2/9/1537, Protestant ‘superintendents’ were appointed in Denmark to replace the former Catholic Bishops (see 27/9/1536).

29/7/1536, End of the Count’s War in Denmark (began 1534). Count  Christopher of Oldenburg, great nephew of King Christian I, Catholic, contested with Frederick’s son, Christian III. The poorer people supported the Catholics. Forces loyal to Protestant Christian III, backed by the Holstein Dukes and Gustavus Vasa of Sweden, captured Copenhagen this day, This ensured the primacy of Lutheranism over Roman Catholicism in Denmark. The property of the Catholic Bishops was now confiscated by the Danish State.

1/7/1534, Frederick II, King of Denmark, was born.

1533, King Frederick I of Denmark died aged 62 (acceded 1523). He was succeeded as King of Denmark and Norway by his 30-tear-old son, who ruled as King Christian III until 1559.

1523, End of the reign of King Christian II (acceded 1513).

6/6/1523, Gustavus Vasa, aged 27, was elected King of Sweden, and finally established full independence from Denmark. End of the Kalmar Union. This was confirmed by the Treaty of Malmo, 1524.

1513, King John I of Denmark (who was also King John II of Sweden, 1497-1501), died after a 32-year reign. He founded the Danish Navy. He was succeeded by his 32-year-old son as King Christian II of Denmark and Norway, but Sweden refused to accept his rule.

21/5/1481, Christian I, King of Denmark and Norway, died (born 1426) and was succeeded by his son John (1481-1513).

1448, King Chirstopher III died without an heir. Christian I, a distant cousin of Christopher III, was elected King by the Rigsraad, and became the first Danish monarch of the Royal House of Oldenburg.

1439, King Eric VII was deposed, in favour of his nephew, Christopher of Bavaria.

28/10/1412, Margaret, Queen of Denmark, Norway, and Sweden, died (acceded 1375).

20/6/1397. The Union of Kalmar united Denmark, Norway, and Sweden under one monarch. See 1380. However the Swedes and Norwegians disliked this Union, although the Swedish aristocracy and clergy were in favour of it. Denmark was seen to be dominant, although Sweden was the wealthier country. The Norwegians lacked the strength to resist, but the Swedes continued to agitate for independence from Denmark. See 6/6/1523.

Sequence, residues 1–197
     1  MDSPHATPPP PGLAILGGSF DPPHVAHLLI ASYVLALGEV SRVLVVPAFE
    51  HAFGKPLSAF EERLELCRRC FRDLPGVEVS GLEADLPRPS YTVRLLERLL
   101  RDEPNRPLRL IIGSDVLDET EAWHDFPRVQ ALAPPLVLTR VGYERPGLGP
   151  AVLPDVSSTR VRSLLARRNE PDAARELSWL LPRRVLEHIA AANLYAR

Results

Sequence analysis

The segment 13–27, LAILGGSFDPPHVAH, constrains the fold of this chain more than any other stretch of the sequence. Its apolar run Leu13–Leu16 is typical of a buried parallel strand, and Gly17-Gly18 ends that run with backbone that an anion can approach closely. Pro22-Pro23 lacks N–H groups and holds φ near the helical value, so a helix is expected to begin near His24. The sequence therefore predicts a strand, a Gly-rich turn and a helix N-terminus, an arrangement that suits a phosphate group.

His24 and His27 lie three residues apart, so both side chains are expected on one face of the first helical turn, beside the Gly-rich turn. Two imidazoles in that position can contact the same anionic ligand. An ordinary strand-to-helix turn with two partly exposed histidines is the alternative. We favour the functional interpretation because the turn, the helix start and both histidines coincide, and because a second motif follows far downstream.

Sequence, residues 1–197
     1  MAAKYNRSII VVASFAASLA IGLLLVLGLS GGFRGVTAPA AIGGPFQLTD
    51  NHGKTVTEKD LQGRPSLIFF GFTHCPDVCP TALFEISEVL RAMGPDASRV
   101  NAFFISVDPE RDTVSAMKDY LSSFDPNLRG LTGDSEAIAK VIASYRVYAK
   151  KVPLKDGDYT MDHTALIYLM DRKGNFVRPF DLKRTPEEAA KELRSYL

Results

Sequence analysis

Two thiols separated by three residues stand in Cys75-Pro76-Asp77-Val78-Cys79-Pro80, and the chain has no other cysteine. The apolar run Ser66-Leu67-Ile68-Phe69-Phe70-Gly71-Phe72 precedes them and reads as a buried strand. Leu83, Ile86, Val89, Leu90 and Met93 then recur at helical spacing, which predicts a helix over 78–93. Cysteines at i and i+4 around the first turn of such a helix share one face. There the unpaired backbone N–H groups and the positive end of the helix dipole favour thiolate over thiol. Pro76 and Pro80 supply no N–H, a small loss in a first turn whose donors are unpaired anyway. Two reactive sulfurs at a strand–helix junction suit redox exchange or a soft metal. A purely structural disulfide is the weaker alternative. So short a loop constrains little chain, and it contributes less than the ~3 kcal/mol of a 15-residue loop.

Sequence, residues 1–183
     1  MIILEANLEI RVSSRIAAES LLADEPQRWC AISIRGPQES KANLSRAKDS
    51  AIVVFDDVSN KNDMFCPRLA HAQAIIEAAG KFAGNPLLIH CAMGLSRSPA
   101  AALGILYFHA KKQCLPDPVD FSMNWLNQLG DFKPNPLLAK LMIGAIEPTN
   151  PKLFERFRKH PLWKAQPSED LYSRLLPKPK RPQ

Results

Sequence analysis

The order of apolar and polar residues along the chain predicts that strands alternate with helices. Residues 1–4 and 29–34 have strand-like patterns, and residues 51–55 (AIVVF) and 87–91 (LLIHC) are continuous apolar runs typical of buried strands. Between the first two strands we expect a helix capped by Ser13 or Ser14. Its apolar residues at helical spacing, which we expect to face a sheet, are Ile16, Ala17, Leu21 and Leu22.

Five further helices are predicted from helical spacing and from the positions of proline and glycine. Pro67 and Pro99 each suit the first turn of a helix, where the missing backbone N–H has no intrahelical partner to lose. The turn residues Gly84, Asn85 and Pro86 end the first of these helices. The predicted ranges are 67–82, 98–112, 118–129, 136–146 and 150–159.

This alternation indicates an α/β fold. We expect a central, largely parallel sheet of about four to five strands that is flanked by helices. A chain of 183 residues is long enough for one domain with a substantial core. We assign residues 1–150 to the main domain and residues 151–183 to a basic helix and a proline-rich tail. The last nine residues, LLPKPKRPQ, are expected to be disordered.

1380, Hakon, King of Norway, died. His surviving wife was Queen Margaret (born 1353, married 1363, and daughter of Valdemar IV, King of Denmark). Her son Olaf died in 1387, which meant she became ruler of Denmark also. She defeated Albert, King of Sweden, thereby gaining that country too. Margaret then instituted the Union of Kalmar, 1397, to permanently unite these three countries. Margaret died in 1412.

24/10/1375, End of the reign of King Valdemar IV (acceded 26/6/1340).

26/6/1340, Accession of King Valdemar IV of Denmark.

1331, End of the reign of King Christopher II (acceded 1319).

1169, Absalom (Axel) (1128-1201) founded the fortress of Havn, now known as Copenhagen. He fought the Wends in 1169, capturing Rugen for Denmark. In 1184 he also captured Mecklenburg and Pomerania.

1047, Magnus I died after 12 years rule as King of Norway and five years as King of Denmark. He was succeeded I Norway by Harald Haadraade, 32, who ruled until 1066 as Harald II. In Denmark he was succeeded by Sweyn Estrithson, grandson of Sweyn Forkbeard, who ruled until 1075 as Sweyn II.

10161035, Under King Canute the Great, all of Scandinavia and England were united.

951, Earliest record of the Bishopric of Aarhus (Denmark).

850, Gorm the Elder united Jutland and the Danish Islands, and became King of Denmark.

Ca. 800, First settlement of the Faeroe Islands, by Grim Kamban. He left Norway to escape the tyranny of Harold Haarfager. There may have been already a small colony of Scottish and Irish monks at Sudero, which he dispersed.

768,The major Viking settlement of Hedeby was founded in Denmark.

517, The first documented Viking raid on Gaul. The Viking King Hygelac was killed and his fleet defeated.

500, Danes from Scania (southern Sweden) settled in Jutland (Denmark).

8,000 BCE, Start of hunter-gatherer peoples in Scandinavia, as the climate warmed.


Back to top